To learn basic home safety rules.
< 10 minutes
One class period
National Education Standards
Science in Personal and Social Perspectives
Personal and community health
Accidents are the leading cause of death among children 1 to 4 years of age. Car accidents are the most common cause of death. Other accidental deaths involve hazards resulting from fire, hot water, medicines, chemicals, flammable materials, firearms and recreational sports when combined with not using proper protective equipment. This lesson will review basic home safety rules for children.
- Always wear a helmet to help prevent head injuries.
- Observe all traffic laws and signals, just as automobile drivers must do.
- Don't ride double or attempt stunts.
- Ride near the curb in the same direction as traffic.
- Avoid heavy or high-speed traffic.
- Walk -- don't ride -- your bicycle across busy intersections and left turn corners.
- Avoid riding in wet weather. When wet, handbrakes may require a long distance to stop.
- Avoid riding in the dark. If you do, be sure the bike is equipped with a headlight, a taillight and reflectors. Apply retro-reflective trim to clothing, or wear reflective vests and jackets.
- Do not wear loose clothing or long coats that can catch in pedals or wheels. Leg clips or bands keep pant legs from tangling in the chain.
- Avoid crossing raised sewer grates.
- Have an adult check toys for breakage and potential hazards. Damaged or dangerous toys should be repaired or thrown away.
- Toys with small parts that can be removed and swallowed need to be kept from babies and toddlers.
- Put toys away when you’re finished playing so you don't trip over them or fall on them.
- Make sure your house has safety latches and locks for cabinets and drawers in kitchens, bathrooms and other areas to help prevent poisonings and other injuries.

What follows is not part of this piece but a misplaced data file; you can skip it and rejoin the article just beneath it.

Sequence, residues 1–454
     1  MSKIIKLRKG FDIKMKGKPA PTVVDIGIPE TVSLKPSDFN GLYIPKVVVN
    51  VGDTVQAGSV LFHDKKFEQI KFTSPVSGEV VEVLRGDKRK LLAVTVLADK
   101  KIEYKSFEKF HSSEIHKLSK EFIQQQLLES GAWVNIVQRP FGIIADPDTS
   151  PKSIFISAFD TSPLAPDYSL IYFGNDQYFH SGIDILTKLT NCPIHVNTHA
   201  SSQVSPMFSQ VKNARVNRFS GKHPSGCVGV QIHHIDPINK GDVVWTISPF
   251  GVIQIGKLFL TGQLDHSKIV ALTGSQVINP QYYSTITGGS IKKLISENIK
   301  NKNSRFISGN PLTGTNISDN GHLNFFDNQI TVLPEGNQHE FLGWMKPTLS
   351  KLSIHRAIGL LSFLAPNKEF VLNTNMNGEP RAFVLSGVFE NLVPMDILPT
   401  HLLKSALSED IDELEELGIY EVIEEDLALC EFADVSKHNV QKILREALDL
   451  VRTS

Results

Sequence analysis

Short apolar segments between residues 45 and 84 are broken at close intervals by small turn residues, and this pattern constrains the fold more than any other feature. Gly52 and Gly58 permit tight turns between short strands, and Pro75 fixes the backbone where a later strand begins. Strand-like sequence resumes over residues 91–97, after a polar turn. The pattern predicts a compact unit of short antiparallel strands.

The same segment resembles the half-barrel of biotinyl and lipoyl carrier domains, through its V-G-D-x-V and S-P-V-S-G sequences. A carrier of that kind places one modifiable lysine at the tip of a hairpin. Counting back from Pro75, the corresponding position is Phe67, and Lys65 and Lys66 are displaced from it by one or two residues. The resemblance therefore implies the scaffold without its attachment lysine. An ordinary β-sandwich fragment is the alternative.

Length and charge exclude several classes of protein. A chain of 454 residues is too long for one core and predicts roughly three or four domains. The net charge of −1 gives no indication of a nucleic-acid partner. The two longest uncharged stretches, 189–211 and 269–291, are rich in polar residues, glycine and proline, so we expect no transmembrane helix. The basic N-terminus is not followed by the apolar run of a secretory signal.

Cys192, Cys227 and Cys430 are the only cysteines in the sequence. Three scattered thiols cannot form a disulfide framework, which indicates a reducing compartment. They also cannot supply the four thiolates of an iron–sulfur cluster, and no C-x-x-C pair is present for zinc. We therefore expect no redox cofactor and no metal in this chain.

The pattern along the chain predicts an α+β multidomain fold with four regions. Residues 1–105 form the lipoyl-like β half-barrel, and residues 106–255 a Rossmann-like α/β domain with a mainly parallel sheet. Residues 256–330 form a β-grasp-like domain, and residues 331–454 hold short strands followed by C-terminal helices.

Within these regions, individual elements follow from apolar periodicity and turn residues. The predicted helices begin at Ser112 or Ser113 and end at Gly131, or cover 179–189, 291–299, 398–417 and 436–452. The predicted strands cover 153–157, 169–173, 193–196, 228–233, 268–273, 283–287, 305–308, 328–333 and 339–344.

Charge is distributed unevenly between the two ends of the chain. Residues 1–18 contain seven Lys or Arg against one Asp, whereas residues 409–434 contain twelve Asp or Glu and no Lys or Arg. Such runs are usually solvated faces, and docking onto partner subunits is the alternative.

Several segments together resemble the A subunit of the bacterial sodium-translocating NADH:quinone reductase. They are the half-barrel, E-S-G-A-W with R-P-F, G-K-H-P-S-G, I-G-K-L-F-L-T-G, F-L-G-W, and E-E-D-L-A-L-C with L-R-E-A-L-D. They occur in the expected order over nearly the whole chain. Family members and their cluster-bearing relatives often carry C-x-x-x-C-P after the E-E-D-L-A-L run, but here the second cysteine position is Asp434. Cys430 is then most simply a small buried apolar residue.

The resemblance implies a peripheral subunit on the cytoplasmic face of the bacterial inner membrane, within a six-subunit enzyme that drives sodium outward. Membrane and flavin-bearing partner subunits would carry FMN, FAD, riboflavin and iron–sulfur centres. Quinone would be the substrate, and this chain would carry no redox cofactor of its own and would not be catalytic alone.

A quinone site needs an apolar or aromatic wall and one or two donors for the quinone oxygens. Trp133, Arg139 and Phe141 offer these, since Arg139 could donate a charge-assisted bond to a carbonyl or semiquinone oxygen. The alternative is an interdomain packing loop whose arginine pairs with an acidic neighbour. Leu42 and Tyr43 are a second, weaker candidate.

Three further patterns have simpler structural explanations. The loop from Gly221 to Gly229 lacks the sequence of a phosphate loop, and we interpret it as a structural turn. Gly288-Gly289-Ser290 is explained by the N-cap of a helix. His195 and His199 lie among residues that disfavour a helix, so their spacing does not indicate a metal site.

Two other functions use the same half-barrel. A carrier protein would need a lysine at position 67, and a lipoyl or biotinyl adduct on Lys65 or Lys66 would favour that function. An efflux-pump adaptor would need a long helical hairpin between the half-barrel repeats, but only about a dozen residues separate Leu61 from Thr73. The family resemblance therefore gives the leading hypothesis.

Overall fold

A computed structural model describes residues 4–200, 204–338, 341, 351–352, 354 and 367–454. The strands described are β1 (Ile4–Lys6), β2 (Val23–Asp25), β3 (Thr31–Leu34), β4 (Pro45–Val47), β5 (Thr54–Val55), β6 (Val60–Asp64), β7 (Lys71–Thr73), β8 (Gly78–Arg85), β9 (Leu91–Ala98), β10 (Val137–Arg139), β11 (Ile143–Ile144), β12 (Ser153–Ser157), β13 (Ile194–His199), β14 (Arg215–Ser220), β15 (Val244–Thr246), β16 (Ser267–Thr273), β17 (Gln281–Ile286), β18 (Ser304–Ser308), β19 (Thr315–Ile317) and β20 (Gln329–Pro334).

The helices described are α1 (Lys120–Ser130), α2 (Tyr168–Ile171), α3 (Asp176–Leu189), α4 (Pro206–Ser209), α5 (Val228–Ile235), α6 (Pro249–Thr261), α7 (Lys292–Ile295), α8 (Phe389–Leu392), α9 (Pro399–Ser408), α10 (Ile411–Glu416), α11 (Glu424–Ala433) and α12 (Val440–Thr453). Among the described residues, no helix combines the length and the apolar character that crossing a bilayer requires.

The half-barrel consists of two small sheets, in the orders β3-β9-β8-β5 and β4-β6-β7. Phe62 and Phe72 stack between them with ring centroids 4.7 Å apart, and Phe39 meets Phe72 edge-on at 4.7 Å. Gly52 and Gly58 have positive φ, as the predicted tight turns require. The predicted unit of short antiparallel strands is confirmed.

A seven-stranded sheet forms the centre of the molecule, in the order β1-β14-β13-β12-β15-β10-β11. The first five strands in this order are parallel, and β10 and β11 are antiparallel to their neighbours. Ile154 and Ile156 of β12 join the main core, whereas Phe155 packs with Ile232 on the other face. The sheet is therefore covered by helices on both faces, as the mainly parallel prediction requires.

- Ask your parents to keep household cleaning products and medicines out of reach and out of sight, preferably in a locked cabinet or closet.
- Remember that medicines are not candy!
- Have an adult put outlet covers on all electrical outlets to help prevent electrocution. Make sure the covers are large enough so that children cannot choke on them.
- Use doorknob covers and door locks to help keep children away from places with hazards associated with swimming pools. Ask an adult to place the locks out of reach of young children to prevent access to swimming pools. Locks should be used in addition to fences and door alarms.
- Ask an adult to set the thermostat on the house water heater to a temperature no hotter than 120 degrees Fahrenheit. This helps prevent hot water burns at the faucet. Adults can also install temperature-mixing controls on faucets and showerheads to assure the temperature of the water is not excessive. A plumber may need to install these.
- Discuss accident prevention. Display selected safety tips from the Background Information section.
- Assign one safety tip per student. Have them label the bottom of the paper with the safety tip. On the left side of the paper, students will illustrate what should not be done. On the right side, students will draw the safety tip being correctly followed.
- Have students share completed safety drawings.
- Let older students research topics and create safety coloring books for younger students.
- Have students collect pictures from magazines of safety tips being followed to create a safety poster.